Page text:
Throughout the U.S., there are plenty of career opportunities for physician assistants, also known as PAs. In fact, the U.S. Department of Labor projects PA employment to rise 30 percent from 2010 to 2020, much faster than average. Today, hospitals, physician groups, nursing facilities and other types of providers are seeking qualified PAs to examine patients, diagnose problems and provide treatment or make recommendations to the examining physician.
One reason for the rising demand is that the U.S. population is aging, creating a need for more medical and healthcare professionals in general. Another factor is that more physicians are becoming specialists, and opening the door to PAs who can provide primary healthcare services.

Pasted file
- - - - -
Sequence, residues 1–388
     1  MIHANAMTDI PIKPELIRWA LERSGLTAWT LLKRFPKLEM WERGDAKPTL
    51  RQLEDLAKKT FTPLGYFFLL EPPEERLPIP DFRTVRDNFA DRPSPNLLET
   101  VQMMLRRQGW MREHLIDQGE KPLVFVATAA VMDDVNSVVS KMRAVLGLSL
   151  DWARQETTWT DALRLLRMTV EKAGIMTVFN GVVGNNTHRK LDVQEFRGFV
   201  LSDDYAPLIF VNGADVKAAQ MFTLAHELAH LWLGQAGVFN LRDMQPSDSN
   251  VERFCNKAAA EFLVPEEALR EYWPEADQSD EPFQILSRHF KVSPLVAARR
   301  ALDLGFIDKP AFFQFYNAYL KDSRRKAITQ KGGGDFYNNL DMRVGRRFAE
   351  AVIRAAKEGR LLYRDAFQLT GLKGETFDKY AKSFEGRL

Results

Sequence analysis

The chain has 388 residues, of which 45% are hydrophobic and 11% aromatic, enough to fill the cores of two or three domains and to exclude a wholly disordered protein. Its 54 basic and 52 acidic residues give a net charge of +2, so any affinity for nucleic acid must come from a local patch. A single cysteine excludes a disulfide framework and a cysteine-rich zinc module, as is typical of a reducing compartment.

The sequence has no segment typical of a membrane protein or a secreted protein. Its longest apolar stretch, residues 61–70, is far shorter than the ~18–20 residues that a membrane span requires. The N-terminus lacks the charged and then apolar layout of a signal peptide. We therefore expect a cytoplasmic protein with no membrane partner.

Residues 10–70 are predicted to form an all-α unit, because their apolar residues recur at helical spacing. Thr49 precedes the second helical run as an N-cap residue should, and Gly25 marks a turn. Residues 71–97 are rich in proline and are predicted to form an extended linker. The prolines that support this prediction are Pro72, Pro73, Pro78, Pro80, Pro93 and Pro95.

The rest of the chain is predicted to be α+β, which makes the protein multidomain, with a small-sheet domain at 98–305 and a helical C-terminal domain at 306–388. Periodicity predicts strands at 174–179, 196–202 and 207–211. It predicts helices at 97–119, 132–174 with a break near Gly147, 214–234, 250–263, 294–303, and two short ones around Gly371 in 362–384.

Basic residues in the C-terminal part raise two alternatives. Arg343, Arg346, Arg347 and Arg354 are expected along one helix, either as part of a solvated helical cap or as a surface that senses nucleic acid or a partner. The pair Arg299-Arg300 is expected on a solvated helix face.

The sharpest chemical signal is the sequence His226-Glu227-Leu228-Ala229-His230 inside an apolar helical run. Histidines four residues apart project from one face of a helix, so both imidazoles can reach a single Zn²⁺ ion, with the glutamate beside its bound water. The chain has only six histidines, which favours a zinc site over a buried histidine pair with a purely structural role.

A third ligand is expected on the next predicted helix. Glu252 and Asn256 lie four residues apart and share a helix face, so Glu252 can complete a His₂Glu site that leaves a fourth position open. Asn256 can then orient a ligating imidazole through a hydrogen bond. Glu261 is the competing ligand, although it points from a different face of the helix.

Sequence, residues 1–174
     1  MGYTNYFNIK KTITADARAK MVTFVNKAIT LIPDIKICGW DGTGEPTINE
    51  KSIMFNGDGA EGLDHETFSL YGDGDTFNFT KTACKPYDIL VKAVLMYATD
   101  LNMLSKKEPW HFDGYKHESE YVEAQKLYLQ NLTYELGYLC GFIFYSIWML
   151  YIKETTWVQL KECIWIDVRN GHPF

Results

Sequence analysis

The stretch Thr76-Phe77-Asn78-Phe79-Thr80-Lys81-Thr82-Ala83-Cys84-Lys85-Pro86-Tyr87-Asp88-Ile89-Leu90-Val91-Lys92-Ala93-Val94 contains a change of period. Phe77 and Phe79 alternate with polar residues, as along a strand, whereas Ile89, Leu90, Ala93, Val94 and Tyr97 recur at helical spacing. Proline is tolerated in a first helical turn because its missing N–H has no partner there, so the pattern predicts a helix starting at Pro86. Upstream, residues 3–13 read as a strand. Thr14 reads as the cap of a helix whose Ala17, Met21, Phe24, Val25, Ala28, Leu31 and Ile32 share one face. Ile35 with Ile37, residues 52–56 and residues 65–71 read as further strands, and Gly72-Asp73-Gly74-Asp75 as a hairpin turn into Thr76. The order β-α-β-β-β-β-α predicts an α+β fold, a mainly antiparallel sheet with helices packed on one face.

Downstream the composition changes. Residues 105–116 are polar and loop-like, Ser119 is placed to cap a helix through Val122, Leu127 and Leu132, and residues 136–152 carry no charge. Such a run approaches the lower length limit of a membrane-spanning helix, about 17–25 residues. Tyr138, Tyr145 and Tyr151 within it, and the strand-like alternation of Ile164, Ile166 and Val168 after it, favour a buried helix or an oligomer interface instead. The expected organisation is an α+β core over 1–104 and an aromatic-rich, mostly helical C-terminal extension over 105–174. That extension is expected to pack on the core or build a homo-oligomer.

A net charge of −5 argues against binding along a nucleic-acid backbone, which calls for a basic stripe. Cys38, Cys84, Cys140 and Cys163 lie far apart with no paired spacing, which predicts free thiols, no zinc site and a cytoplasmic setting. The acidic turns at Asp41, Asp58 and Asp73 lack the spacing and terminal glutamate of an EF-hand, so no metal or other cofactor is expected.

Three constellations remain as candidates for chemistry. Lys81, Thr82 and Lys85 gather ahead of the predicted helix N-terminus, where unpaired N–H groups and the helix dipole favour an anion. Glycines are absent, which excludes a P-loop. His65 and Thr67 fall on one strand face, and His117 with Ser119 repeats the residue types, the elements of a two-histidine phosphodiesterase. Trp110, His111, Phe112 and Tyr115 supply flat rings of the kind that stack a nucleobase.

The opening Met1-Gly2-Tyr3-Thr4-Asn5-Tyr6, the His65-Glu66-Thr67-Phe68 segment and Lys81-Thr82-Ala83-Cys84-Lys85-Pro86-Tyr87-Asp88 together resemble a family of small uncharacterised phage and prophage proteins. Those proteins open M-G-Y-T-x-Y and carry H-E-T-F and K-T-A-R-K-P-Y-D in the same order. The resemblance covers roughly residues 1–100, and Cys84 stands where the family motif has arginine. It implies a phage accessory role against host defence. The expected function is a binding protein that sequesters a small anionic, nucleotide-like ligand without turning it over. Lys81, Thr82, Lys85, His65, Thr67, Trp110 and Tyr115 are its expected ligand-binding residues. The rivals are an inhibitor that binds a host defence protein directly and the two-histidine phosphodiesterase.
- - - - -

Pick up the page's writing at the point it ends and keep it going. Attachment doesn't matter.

To become a PA, you first need to earn a bachelor’s degree and then complete an accredited program for physician assistants, which usually takes two years and leads to a master’s degree. Graduates need to pass the Physician Assistant National Certifying Exam (PANCE) and obtain a state license as well.
But there are both personal and financial awards for completing the PA program. Most PAs enjoy the challenge of being on the front line of patient care, and assessing and diagnosing patients with a wide range of conditions. Many PAs also order and interpret lab tests, assist in surgical procedures, prescribe medications and educate patients and families about wellness and preventive health care.
Salaries for physician assistants are also highly competitive. As of May 2010, the median annual wage for PAs was $86,140, according to the Department of Labor. If you are interested in a PA career, you can find more information from the American Academy of Physician Assistants at www.aapa.org.